What is "Throttling"?

Throttling in its most basic form is the delaying of DVDs from shipping centers by a particular rental company. It has been one of the most hotly debated issues when it comes to online DVD rental companies and even been the topic of legal actions against companies.

It is done for a number of reasons, but ultimately believed to be in place as an effort to keep heavy renting subscribers profitable. When a particular company offers membership plans, they count on the individuals watching the DVDs for a number of days which in affect lowers their overall cost. We'll give an example below using fake numbers to show why this is beneficial.

Let's assume for the sake of argument that every DVD shipped out costs the rental company $1.50. This would include the cost of postage, advertising, envelope, the DVD (rights still need to be purchased through the film makers), web hosting, shipping center costs, and all other overhead. Then determine that we have two renters who each subscribe to a 3-DVD unlimited rental plan for $18. Now Renter #1 is a casual movie watcher who receives 5 DVDs a month while Renter #2 is an avid film buff who receives 15.

Renter #1
$18 monthly membership costs – (5 x $1.50) = $11.50 profit for the rental company

Renter #2
$18 monthly membership costs – (15 x $1.50) = $4.50 LOSS for the rental company

Now seeing as how these companies are not in the business for taking losses, what they'd do is hold the DVDs of renter #2 for an extra day or two so that his total number of movies rented is lowered to a profitable level.

You may say to yourself, "that seems fair enough". However, when you consider how these memberships are sold, it's greatly deceiving new members. Almost every major U.S. based rental company pushes "unlimited" rentals heavily in their advertisements. They give off the impression that your membership allows you the ability to rent as many DVDs as you can handle. This is simply not true though, and they have a secret cap inside their own system.

In 2004 a class action lawsuit was brought against Netflix in the San Francisco Superior Court (Frank Chavez vs Netflix, Inc). The lawsuit claimed Netflix misrepresented itself in relation to their advertising of unlimited rentals and one-day delivery. It was settled in early 2005 with Netflix offering members who had joined prior and canceled to a January 15th of 2005 to be able to sign up for a one month free membership. It allowed current members to upgrade to a higher plan for free for one full month. This settlement brought backlash from loyal subscribers who felt it was nothing more than a marketing ploy to gain new members and increase plans on existing ones. As a result of this lawsuit however, Netflix changed their Terms of Service Agreement to acknowledge throttling under the pseudonym of "the fairness algorithm".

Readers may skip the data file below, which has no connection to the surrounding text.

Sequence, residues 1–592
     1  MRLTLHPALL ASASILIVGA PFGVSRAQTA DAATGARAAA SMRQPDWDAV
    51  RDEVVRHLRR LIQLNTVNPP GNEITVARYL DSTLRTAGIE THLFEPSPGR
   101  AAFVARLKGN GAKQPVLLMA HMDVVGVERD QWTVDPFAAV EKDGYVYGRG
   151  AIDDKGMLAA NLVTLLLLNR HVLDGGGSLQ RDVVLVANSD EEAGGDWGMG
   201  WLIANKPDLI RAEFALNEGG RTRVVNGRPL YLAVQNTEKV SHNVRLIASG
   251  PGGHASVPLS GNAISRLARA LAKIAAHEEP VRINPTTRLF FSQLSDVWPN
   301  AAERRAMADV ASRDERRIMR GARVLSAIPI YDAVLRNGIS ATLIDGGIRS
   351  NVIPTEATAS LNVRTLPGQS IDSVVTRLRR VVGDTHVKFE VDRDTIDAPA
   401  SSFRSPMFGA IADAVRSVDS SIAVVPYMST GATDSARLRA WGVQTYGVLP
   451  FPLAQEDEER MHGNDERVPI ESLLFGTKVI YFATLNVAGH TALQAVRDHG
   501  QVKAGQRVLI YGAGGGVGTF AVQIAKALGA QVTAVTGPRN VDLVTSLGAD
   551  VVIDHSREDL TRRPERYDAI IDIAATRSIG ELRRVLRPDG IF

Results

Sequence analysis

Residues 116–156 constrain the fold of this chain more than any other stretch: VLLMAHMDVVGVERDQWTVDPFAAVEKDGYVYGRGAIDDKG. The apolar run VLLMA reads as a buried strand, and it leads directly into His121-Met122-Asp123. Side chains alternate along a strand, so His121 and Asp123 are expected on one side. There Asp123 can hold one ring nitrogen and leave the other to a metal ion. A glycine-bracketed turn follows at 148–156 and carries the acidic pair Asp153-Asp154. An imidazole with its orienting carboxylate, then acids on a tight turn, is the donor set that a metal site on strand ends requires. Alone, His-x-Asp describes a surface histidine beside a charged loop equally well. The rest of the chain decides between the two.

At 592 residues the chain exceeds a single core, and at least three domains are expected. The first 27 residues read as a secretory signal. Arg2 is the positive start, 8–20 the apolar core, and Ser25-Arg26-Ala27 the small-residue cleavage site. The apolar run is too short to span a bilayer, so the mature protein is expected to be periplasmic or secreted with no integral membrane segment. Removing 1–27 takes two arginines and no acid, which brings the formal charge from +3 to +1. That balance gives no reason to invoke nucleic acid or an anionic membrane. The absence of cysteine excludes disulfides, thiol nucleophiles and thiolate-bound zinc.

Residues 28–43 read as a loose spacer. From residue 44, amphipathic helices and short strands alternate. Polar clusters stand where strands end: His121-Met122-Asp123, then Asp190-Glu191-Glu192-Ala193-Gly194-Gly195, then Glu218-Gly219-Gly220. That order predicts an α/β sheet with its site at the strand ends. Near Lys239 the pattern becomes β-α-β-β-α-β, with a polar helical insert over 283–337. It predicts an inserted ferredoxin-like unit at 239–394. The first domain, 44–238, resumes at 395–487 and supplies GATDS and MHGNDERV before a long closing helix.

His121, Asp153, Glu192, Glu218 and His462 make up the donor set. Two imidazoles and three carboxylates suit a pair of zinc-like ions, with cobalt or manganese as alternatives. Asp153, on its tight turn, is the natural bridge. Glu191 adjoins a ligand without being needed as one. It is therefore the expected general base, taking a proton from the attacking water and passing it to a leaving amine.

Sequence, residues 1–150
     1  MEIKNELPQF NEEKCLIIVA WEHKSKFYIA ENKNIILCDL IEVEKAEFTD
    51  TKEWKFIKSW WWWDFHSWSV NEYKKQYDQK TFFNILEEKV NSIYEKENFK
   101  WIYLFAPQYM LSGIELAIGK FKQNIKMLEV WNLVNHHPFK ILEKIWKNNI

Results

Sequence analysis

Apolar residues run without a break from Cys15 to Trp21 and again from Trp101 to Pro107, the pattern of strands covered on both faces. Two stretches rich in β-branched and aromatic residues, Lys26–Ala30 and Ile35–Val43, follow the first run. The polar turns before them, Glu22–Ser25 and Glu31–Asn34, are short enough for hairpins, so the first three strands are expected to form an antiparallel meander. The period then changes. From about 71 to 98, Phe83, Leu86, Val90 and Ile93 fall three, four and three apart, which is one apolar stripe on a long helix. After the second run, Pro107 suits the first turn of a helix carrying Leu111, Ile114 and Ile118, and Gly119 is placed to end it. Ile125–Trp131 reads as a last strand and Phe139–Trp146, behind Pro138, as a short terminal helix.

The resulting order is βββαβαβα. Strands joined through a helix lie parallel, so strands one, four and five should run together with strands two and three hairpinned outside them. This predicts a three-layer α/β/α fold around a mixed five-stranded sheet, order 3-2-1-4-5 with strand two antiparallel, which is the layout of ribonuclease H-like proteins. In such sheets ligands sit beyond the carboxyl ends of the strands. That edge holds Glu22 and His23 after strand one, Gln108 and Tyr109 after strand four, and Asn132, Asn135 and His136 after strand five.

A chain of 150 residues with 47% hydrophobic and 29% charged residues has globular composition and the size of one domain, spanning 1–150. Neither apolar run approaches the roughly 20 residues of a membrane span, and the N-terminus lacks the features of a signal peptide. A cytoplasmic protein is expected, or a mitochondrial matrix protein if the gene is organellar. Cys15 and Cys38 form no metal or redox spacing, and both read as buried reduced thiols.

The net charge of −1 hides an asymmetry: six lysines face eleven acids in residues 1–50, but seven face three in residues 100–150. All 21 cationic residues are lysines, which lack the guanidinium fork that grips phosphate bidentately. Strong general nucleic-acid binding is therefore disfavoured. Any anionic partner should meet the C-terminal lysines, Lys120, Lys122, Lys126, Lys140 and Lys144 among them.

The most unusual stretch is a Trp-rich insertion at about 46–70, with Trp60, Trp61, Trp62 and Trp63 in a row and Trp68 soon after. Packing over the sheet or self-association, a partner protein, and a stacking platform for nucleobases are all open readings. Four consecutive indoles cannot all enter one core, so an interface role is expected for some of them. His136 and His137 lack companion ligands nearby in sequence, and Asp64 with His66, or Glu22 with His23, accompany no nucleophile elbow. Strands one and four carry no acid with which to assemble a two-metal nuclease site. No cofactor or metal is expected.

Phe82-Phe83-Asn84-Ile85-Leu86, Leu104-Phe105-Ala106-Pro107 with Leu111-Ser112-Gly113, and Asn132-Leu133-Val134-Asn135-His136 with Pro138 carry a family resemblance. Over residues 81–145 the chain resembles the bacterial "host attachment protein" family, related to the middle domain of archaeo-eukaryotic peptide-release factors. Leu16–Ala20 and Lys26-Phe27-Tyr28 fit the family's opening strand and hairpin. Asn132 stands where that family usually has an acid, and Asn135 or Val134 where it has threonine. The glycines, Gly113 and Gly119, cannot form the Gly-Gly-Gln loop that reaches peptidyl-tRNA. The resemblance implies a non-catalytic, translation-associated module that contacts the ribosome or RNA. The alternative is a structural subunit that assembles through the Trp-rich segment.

As a solution to the throttling problem, we hope that companies can stop hiding behind technicalities in their user agreements and state what their cap limits are openly. Besides being disingenuous to members, throttling can cause confusion amongst subscribers who are expecting DVDs to be returned on specific dates. If the company typically receives your returned DVD in one day, and instead it takes four days, you may wonder if your DVD is stolen or your postal service has lost it in transit. This can cause accusing innocent postmen of theft or poor service for something they are not responsible for. It can also cause members to report a DVD as lost when it is not.

The problem with throttling seems to be increasing as companies expand shipping centers and improve their overall turnaround times. This is of course a catch-22 for the rental companies. While they need to expand and improve their shipping and receiving times, the end result equals more mailings a month and a higher cost accrued by themselves. This is why you're seeing members who have never been throttled in years suddenly experiencing this business practice.

It's tough to avoid throttling as the formula is unknown to the rental community. We are given vague responses such as "lower volume customers will receive priority with shipping and selection". The only way to surely stop it is to lower your consumption, which of course is not helping at all.

Unfortunately, throttling is simply a necessary evil of the rental companies to stay in business. All major companies including Netflix and Blockbuster do it on high volume accounts. If the "throttle" on your account is too much, definitely make your voice heard with your pocketbook and switch companies. In the meantime, we'll hope for more transparency from these companies so that customers know what they are paying for.